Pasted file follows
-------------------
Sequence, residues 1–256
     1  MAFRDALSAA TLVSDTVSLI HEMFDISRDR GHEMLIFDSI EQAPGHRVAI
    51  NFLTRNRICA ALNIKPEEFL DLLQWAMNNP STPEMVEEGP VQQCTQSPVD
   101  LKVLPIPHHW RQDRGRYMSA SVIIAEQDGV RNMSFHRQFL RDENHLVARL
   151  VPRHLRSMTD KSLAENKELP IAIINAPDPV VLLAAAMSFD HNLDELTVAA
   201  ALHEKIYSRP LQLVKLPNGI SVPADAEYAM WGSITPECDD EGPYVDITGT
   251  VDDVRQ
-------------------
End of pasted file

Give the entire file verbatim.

Sequence, residues 1–256
     1  MAFRDALSAA TLVSDTVSLI HEMFDISRDR GHEMLIFDSI EQAPGHRVAI
    51  NFLTRNRICA ALNIKPEEFL DLLQWAMNNP STPEMVEEGP VQQCTQSPVD
   101  LKVLPIPHHW RQDRGRYMSA SVIIAEQDGV RNMSFHRQFL RDENHLVARL
   151  VPRHLRSMTD KSLAENKELP IAIINAPDPV VLLAAAMSFD HNLDELTVAA
   201  ALHEKIYSRP LQLVKLPNGI SVPADAEYAM WGSITPECDD EGPYVDITGT
   251  VDDVRQ